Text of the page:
Academic Information

Founded in 1963, Pitzer College is a coeducational liberal arts and sciences college offering a Bachelor of Arts degree. Social and behavioral science, the arts, humanities, natural sciences and interdisciplinary studies are very strong at the College.

Pitzer offers a curriculum that embraces the best of both tradition and innovation. The Pitzer education is a rigorous course of study, firmly grounded in the traditions of learning and intellectual debate found at the great colleges and universities of the world. At the same time, we offer our students the opportunity to design, with the assistance of concerned faculty advisers, academic programs that are truly creative and support and enhance individual interests and aspirations. This combination educates for our increasingly complex, global environment — for a world that requires an increasingly diverse range of skills, languages and perspectives.

As a liberal arts college with a strong curriculum in the social and behavioral sciences, Pitzer presents a unique opportunity for self-exploration and for exploration of the world. The College expects students to take an active part in planning their course of study, bring a spirit of inquiry and adventure to planning that course of study and to work hard to meet the intellectual goals of a Pitzer education.

Courses and Major Requirements in Each Field

Courses are numbered according to the level of preparation expected of the student. Courses numbered 1 to 199 are undergraduate courses. Generally speaking, those numbered below 100 are introductory courses designed for first years and sophomores or students with little or no preparation in the field. Certain field groups may choose to differentiate further their offerings by designating certain series as general education courses for students who are not necessarily majoring in the field. Courses numbered 100 or above are more advanced courses, generally designed for juniors and seniors or for those with sufficient preparation in the field.

outdoor-classroomPlease note that some field groups may make no distinction among courses by level of preparation necessary and, thus, may designate courses by a simple consecutive numbering system. Students should consult the introductions which precede each field group’s course offerings.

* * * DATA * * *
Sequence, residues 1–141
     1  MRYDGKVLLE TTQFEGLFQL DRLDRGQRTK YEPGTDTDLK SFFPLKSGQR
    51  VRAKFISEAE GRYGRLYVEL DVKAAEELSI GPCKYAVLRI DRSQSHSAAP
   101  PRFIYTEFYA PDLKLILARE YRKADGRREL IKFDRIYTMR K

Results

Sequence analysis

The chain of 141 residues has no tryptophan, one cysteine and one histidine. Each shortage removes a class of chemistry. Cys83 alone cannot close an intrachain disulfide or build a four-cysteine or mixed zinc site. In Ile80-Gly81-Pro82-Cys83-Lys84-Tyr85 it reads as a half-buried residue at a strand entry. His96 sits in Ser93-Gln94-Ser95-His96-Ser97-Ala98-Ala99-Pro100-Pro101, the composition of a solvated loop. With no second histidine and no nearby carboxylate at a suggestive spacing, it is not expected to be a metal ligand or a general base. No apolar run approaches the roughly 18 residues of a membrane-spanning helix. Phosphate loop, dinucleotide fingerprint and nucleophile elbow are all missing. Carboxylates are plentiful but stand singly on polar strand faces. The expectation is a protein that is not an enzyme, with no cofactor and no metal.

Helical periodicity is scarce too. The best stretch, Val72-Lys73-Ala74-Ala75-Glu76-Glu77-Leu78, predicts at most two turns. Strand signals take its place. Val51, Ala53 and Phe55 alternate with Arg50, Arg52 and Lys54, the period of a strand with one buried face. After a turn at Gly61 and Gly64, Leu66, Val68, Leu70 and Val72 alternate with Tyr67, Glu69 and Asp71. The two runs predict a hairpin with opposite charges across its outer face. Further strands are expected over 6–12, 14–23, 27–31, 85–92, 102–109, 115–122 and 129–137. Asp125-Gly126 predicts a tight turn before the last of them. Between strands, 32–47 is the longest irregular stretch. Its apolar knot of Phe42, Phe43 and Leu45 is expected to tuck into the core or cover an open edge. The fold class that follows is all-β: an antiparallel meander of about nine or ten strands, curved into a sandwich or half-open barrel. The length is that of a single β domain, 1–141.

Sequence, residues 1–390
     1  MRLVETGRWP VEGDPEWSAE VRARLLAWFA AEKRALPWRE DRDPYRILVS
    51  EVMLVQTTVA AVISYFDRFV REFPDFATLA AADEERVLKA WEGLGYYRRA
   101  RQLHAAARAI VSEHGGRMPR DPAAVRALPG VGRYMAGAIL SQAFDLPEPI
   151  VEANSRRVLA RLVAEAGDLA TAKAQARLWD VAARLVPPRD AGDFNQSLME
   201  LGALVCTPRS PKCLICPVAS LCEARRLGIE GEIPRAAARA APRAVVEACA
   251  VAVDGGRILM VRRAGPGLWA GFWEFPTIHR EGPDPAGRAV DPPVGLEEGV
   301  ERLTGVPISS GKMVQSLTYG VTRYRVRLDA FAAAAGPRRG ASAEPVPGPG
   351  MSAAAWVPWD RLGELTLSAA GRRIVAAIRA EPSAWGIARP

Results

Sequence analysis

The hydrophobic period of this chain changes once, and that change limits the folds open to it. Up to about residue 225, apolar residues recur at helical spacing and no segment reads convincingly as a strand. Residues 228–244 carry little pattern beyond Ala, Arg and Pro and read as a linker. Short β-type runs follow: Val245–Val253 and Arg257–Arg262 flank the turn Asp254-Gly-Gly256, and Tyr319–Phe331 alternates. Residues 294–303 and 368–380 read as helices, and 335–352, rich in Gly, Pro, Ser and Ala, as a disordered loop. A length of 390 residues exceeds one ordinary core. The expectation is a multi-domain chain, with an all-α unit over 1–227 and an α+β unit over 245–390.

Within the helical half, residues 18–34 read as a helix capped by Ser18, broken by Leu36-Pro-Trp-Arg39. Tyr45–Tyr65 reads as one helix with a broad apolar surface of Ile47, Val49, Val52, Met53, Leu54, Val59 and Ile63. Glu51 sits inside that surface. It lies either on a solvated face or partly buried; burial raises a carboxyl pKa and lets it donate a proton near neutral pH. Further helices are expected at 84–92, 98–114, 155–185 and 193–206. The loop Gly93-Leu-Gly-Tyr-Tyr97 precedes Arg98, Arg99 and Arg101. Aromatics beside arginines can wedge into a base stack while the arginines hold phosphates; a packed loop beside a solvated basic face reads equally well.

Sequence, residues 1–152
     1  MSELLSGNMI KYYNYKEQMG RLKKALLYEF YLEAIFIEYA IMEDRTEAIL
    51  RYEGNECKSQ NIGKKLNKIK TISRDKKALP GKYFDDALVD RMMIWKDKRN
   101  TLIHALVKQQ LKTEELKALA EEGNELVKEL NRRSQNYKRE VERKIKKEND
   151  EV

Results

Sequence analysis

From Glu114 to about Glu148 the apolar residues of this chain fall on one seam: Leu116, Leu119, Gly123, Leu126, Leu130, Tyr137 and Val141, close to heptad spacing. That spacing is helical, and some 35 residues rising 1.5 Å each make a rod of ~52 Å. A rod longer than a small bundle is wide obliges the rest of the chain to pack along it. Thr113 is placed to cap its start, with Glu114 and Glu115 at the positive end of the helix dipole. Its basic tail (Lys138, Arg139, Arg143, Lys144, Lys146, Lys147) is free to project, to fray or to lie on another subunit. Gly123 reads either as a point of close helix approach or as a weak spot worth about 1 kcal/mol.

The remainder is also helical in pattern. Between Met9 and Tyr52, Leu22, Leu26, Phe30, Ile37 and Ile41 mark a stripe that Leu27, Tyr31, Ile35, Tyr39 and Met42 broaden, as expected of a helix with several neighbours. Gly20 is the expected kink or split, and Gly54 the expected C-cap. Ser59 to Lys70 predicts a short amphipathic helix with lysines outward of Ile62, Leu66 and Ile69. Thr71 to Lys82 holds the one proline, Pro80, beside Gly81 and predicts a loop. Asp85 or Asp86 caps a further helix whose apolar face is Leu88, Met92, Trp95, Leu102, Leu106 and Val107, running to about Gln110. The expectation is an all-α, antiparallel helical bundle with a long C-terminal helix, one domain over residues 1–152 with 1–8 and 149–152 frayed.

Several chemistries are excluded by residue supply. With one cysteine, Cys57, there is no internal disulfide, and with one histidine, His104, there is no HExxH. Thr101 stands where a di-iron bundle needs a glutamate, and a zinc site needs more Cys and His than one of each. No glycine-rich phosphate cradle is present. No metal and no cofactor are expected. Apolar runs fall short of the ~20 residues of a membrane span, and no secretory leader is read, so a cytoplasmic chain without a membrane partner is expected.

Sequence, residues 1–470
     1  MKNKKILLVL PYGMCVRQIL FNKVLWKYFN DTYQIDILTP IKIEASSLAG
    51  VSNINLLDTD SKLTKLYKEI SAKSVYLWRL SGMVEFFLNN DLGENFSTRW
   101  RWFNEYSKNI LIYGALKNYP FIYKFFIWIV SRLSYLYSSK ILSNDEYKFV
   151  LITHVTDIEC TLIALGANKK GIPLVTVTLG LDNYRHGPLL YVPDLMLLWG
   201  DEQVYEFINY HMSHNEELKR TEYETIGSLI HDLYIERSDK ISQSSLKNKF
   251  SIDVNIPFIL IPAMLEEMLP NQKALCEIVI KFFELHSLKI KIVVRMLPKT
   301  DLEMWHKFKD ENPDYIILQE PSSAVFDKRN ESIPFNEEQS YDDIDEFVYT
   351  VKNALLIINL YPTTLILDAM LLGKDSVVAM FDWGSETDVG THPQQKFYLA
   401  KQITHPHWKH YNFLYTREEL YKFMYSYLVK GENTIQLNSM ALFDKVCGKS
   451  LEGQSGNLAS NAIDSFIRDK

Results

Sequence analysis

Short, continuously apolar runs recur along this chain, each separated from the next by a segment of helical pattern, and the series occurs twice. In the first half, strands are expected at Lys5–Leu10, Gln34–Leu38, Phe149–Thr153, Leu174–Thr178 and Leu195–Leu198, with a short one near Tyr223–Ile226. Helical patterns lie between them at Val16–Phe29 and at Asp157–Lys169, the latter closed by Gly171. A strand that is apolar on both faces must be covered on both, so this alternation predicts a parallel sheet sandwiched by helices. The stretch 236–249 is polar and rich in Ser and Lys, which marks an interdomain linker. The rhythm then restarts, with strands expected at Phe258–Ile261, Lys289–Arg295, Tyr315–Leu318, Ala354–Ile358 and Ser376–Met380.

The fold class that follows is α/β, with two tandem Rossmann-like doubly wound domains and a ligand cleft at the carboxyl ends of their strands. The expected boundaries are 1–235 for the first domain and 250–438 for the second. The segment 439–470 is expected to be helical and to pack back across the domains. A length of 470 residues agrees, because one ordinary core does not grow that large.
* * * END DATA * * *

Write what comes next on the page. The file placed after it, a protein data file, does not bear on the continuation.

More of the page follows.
A semester course, or one semester of a year sequence, is credited as a full course unless it is designated as a half-course. A semester course is indicated by a single number. Two-semester courses may be indicated either by consecutive hyphenated numbers (for example, 37-38) when credit for the course is granted only upon completion of both semesters or by the letters “a, b” when credit for the course is granted for either semester. Pitzer College does not give academic credit or accept transfer credit for courses in physical education or in military science.

The letter “G” after a course number indicates an undergraduate course that is taught by a member of Claremont Graduate University faculty and is open to all students in The Claremont Colleges. Students should check the course listings each semester for additional “G” courses. Students should also consult the relevant field group to determine the level of preparation necessary for any individual course.

The letters “AA” after a course number indicate an intercollegiate course taught by the Intercollegiate Department of Asian American Studies; “CH” indicates a course taught by the Intercollegiate Department of Chicano Studies; or “AF” by the Intercollegiate Department of Africana Studies. These courses are open to all students of The Claremont Colleges. Any restrictions on enrollment other than the level of preparation required are stated in the course description.

Some courses may be designated parenthetically with an additional course number, for example, “(formerly 22).” This refers to a former course numbering system and is provided for informational purposes only.

Pitzer students may register in courses offered in the other Claremont Colleges with the approval of their advisers and subject to intercollegiate regulations.